US government bonds endured another day of heavy selling, jolting the stock market, as investors braced themselves for stronger economic growth.
The yield on the benchmark 10-year Treasury rose as much as 0.16 percentage points on Thursday to exceed the 1.5 per cent threshold for the first time in a year. The five-year yield, which is considered to be more sensitive to medium-term monetary policy shifts, jumped 0.22 points to 0.82 per cent, the second-largest one day rise seen over the past decade.
The sell-off in the bond market ricocheted into equities, pushing the broad S&P 500 down 2.3 per cent and the tech-heavy Nasdaq Composite down 3.3 per cent by afternoon on Wall Street.
This week’s sharp moves in the government bond market underscore how investors are increasingly anticipating the flood of stimulus measures from the Fed and US Congress will lead to a rapid rebound in economic growth.
The brisk rise in yields has caught many fund managers on the back-foot, with trend-following hedge funds and traditional buyers of mortgage bonds rushing to hedge themselves this week. Their moves have exacerbated the global sell-off, traders said.
Market-based measures of inflation expectations rose rapidly in the wake of the US election in November and further still after Democrats took control of both chambers of Congress. However, this week’s jump in Treasury yields has come as these expectations have levelled off.
At the same time, implied rates on fed fund futures have steadily risen from zero, indicating some investors are positioning for the possibility the US central bank will lift rates sooner than previously thought.
“This rate move has caught a lot of these accounts off guard,” Tom di Galoma, a managing director at Seaport Global Holdings, said, referring to hedge funds and buyers of mortgage-backed securities.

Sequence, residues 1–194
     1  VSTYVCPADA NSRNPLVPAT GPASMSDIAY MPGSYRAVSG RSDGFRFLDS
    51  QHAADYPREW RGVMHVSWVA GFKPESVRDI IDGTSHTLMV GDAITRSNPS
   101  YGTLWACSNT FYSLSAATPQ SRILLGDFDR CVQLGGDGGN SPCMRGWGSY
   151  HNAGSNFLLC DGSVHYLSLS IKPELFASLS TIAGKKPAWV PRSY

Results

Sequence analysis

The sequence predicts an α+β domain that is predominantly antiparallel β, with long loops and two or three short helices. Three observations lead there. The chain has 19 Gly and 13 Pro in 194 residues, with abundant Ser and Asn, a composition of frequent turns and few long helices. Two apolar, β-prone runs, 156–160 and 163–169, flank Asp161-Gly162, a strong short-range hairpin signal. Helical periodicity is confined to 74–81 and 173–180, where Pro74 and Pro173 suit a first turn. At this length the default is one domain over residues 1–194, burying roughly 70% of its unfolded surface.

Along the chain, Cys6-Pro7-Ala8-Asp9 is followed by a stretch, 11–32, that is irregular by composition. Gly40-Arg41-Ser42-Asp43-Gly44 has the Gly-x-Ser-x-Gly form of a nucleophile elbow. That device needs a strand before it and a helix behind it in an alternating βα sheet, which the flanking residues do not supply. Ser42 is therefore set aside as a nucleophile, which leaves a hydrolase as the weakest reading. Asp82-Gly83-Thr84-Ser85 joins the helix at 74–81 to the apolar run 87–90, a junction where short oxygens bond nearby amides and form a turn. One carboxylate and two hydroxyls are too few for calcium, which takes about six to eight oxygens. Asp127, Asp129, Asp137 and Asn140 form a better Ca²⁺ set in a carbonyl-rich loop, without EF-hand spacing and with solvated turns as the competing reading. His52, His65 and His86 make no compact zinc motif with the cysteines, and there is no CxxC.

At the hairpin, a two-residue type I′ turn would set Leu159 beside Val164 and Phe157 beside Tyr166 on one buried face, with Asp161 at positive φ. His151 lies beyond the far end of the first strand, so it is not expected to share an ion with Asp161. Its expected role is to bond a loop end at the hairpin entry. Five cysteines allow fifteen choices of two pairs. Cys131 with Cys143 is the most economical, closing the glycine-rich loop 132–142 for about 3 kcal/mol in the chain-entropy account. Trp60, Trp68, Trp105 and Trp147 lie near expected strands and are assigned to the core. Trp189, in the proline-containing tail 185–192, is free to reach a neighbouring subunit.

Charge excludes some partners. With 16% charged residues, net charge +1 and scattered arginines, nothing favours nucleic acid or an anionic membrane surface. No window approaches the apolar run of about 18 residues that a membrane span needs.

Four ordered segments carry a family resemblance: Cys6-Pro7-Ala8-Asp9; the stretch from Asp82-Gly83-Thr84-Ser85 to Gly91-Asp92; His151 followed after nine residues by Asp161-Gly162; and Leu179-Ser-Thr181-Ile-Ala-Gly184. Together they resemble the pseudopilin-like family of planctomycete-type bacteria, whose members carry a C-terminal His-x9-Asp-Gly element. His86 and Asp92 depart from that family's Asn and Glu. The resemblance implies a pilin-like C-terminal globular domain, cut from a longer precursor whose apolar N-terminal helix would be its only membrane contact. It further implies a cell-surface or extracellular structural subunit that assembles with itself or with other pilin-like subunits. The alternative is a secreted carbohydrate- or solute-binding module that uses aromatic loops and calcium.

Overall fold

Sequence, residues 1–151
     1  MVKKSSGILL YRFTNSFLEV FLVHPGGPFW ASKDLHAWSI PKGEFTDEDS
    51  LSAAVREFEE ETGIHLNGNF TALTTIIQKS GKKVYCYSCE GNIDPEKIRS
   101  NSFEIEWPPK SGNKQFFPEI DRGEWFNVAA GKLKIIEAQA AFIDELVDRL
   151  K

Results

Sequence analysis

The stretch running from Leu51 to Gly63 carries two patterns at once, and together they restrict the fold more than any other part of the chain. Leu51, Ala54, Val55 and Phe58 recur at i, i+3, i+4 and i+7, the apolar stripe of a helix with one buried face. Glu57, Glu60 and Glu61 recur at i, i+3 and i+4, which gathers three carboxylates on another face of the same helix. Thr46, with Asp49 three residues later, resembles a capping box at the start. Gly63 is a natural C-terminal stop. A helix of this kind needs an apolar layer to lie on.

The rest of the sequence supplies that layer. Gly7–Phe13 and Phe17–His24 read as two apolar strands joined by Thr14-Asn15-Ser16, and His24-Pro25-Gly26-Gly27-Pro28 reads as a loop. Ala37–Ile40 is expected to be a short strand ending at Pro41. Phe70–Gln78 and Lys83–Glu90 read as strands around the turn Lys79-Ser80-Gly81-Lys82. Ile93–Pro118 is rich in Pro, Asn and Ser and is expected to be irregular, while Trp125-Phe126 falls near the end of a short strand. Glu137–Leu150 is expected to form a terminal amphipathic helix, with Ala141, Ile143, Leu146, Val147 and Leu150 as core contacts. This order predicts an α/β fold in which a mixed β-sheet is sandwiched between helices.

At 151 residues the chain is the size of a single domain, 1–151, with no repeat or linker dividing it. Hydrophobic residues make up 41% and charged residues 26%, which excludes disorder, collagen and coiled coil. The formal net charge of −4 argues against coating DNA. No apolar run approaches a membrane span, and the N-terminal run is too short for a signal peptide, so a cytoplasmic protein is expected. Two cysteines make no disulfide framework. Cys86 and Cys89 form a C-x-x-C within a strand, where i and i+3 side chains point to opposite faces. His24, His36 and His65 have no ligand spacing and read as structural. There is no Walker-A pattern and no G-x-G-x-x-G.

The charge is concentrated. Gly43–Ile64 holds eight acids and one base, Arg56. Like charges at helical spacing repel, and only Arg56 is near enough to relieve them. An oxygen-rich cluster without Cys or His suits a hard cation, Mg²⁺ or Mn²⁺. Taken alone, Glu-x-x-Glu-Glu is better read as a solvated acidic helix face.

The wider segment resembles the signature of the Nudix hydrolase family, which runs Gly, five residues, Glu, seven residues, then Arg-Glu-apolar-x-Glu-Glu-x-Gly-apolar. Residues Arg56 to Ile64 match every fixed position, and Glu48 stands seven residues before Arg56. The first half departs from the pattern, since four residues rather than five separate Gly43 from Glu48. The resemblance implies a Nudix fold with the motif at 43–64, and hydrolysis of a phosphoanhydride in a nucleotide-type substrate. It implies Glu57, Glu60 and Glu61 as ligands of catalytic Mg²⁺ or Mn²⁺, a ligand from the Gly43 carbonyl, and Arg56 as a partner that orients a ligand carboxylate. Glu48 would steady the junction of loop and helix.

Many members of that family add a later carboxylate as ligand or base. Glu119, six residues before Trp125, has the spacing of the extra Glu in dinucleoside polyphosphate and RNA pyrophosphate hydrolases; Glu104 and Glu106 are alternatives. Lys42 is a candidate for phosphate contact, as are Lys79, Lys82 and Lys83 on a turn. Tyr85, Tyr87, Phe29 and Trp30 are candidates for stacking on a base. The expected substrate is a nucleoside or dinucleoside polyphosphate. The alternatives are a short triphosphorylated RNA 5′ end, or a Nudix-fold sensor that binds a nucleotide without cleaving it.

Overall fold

“We’ve had a sell-off globally. Australia, New Zealand, Canada, and most of Europe have all felt this pain. But I think it is coming mostly from hedging. I don’t think there are people bailing on positions.”
The US Treasury tapped bond investors in the midst of the market ructions, borrowing $62bn through new seven-year notes. But investor demand was lacking, with the bid-to-cover ratio hitting its lowest level since at least 2009, according to Bloomberg data.
“The intermediate area of the curve has undergone a truly violent sell-off over the last two days and the auction results suggest no one has the stomach to try and step in to turn the tide,” said Thomas Simons, a money market economist at Jefferies.
The US Treasuries sell-off followed ructions in the Australasia government debt markets overnight, where the yield on Australia’s 10-year note raced 0.12 percentage points higher to 1.73 per cent, its most elevated level since May 2019.
New Zealand’s benchmark bond yield soared more than 0.18 percentage points to just over 1.85 per cent, following a statement by finance minister Grant Robertson that the Reserve Bank of New Zealand should take overheating house prices into account when setting interest rates.
“Investors viewed this change as restricting the RBNZ’s ability to continue with ultra-easy monetary policy,” said Chris Scicluna, an economist at Daiwa.
European debt was also caught up in the wave of selling, despite some analysts arguing this was not justified.
Germany’s 10-year Bund yield added 0.07 percentage points to minus 0.23 per cent while the yield on the equivalent UK gilt jumped 0.05 percentage points to just under 0.8 per cent.
“Some of this [selling is] indiscriminate,” said Juliette Cohen, strategist at CPR Asset Management. “The gap between US and German bonds should be wider.
“The situation in Europe, where we have a delayed vaccination process and the reopening of economies is going to be more gradual, means there are fewer inflationary pressures than in the US.”
Cohen added that the “surprisingly rapid” run-up in Treasury yields, which inform what investors are willing to pay for companies’ shares, “has made us cautious on US equities, where valuations are tight”. The tech-focused Nasdaq Composite index has risen about 90 per cent since March last year.
Credit: Financial Times